Why society needs more films like ‘Crazy Rich Asians’

Present day Cinderella without the Hollywood whitewashing


Rachel, Nick, and Armenta hanging out before the bachelor and bachelorette parties

Hollywood’s film industry is known for its long history of Asian character and culture whitewashing. From John Wayne playing Mongol leader Genghis Khan, to Scarlett Johansson starring in films such as “Ghost in the Shell,” based in Japanese manga.

It’s not that Hollywood isn’t able to find Asian actors to cast them in films that are, after all, supposed to represent the Asian culture; it is just that it really doesn’t think representation is as important as it actually is.

If viewers show interest in films that are meant to represent their culture or even a different culture they have an interest in, Hollywood will produce more of these films. If the demand increases, the supply will also increase; it is simple Economics applied to a specific scenario.

All this said, “Crazy Rich Asians” has done representation the way it should be done, similar to the way in which “The Joy Luck Club” achieved it in 1993; they embody Chinese culture as people who can have problems and feelings that go further than the usual stereotypes. It makes sure to represent a wide range of Chinese people, not only the Asian stereotypes that Hollywood has made sure non-Asian viewers are aware of, from Asian-born Chinese, to American-Chinese, to rich Chinese, to poor Chinese.

Its plot centers on Chinese-American Economics Professor Rachel Wu, whose boyfriend, Nick Young, is part of one of the wealthiest families in Singapore. Unbeknown to Rachel, Nick’s family is very particular about who they let into their social circle; especially about people they don’t consider “Asian” enough or rich enough.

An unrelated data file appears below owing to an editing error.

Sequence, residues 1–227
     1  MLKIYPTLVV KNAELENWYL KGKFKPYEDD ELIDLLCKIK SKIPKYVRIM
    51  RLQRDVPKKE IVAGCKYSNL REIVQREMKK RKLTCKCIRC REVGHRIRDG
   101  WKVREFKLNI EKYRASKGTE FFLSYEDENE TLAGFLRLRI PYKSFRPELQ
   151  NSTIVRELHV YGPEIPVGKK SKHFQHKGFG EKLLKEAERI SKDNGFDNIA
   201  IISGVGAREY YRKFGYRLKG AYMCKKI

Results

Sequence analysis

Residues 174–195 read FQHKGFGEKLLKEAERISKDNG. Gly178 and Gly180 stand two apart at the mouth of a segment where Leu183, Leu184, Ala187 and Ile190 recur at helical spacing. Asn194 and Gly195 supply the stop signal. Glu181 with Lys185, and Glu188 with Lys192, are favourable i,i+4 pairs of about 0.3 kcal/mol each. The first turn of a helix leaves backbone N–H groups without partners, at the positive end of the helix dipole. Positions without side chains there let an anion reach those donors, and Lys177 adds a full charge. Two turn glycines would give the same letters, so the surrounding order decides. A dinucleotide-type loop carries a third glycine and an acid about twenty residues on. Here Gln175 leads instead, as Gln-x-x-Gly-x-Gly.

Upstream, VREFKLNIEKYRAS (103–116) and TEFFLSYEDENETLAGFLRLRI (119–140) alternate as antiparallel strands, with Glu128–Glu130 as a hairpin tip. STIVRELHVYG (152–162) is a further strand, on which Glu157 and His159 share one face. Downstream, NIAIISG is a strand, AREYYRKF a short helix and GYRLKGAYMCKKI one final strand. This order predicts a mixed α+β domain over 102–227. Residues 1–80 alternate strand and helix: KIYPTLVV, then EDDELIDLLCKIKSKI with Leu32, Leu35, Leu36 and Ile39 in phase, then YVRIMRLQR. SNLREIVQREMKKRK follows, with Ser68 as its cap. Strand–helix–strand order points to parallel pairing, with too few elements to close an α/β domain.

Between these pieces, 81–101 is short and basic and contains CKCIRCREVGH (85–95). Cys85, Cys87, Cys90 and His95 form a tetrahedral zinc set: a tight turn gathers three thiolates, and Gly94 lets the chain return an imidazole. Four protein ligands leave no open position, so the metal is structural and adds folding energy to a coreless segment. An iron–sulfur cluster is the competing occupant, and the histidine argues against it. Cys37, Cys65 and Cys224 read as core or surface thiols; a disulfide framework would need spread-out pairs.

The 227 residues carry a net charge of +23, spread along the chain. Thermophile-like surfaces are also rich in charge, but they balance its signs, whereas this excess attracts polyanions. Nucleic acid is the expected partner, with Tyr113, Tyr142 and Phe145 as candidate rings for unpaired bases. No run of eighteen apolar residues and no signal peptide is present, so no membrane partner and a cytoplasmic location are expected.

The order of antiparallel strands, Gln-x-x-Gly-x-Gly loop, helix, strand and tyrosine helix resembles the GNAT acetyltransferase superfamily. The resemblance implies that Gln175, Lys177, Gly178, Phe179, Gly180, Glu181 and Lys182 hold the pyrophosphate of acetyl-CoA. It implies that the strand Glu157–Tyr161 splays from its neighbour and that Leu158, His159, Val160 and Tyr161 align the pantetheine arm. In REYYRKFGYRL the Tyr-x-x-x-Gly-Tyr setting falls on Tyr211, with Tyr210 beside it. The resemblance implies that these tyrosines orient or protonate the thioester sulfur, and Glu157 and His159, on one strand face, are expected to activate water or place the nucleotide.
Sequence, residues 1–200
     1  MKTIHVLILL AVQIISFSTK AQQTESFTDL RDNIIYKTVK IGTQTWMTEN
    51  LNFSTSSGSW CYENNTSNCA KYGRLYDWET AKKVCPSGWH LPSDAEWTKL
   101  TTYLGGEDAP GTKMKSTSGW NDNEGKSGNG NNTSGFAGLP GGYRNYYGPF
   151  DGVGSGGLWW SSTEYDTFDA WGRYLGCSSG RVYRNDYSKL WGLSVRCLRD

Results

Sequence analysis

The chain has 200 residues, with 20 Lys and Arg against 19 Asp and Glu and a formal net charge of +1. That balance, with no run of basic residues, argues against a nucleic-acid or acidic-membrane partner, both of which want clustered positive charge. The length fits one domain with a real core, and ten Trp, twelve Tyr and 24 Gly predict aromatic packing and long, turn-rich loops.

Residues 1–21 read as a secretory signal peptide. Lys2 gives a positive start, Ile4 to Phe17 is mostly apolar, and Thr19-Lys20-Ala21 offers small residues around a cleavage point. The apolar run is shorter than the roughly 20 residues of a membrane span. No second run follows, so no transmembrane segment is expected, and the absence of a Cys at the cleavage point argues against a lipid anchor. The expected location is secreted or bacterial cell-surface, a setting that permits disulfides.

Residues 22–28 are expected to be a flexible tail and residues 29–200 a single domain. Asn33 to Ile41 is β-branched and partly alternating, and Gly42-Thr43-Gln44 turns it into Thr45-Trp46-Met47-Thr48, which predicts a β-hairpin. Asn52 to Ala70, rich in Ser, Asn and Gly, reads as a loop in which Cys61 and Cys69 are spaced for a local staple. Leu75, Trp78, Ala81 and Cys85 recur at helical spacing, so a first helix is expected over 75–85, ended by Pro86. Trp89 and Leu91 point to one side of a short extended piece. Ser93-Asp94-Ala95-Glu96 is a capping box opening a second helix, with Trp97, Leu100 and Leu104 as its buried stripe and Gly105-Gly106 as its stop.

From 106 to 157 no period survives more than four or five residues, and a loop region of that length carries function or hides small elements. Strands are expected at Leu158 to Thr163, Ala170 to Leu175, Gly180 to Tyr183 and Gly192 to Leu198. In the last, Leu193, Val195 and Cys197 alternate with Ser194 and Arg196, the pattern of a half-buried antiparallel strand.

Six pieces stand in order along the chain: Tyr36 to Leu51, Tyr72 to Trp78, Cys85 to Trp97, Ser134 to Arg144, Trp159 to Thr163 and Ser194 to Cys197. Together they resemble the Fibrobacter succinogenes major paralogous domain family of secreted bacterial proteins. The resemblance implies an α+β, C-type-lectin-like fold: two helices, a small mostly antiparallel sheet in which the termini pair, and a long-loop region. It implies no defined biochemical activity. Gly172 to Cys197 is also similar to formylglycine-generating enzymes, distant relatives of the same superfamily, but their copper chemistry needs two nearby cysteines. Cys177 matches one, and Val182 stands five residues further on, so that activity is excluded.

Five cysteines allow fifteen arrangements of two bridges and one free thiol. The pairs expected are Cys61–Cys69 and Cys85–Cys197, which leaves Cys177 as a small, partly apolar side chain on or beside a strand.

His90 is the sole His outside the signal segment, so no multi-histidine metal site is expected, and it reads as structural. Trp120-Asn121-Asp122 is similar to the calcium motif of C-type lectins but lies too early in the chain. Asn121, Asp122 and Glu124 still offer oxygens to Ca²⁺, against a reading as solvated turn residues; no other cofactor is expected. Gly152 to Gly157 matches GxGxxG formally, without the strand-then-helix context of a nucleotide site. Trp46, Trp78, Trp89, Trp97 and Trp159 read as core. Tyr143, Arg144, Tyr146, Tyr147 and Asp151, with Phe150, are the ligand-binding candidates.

The film is based on the first novel of Kevin Kwan’s trilogy. Kwan served as an executive producer to the film, to assure the story would be told as he intended it to be told, without whitewashing involved. And it proved to be a good decision.

Even though there are no white actors in starring roles, acting, music, setting, visual effects and most importantly: cultural representation, make of the film a true piece of modern cinema.

Some of the scenes lack editing perfection, especially while characters are talking and the cuts between camera positions do not match; nevertheless, this is almost unnoticeable unless the viewers are analyzing the film in depth. Except for a few awkward transitions between scenes, in which the viewer loses sense of what’s going on, the cinematography is spectacular. Vanja Černjul, the film’s cinematographer, took advantage of each setting in Singapore and Malaysia he was working with; most noticeably, the Marina Bay Sands Hotel Tower in Singapore, where the final scene is shot. It is also home to the to the world’s largest infinity pool.

Lastly, regarding the score and the soundtrack, when combined with the cinematography, give the film a fresh, and authentic cultural vibe. Yet the score was too much at times. Some scenes should have had the background music be toned down in order to allow the characters to be understood; however, the right music at the wrong time made it a difficult task. The music track, on the other hand, was filled with Chinese covers of Western songs such as Madonna’s “Material Girl,” Coldplay’s “Yellow;” and Chinese songs such as Jasmine Chen’s “Waiting For Your Return,” and Lilan Chen’s “Ni Dong Bu Dong (Do You Understand).” Overall, the soundtrack execution and timing were satisfactory, while score’s was favorable at the wrong times.

Every culture needs its “Crazy Rich Asians.” Hollywood is barely catching up to the fact that the more cultural representation they show in their films, the wider their audience will be.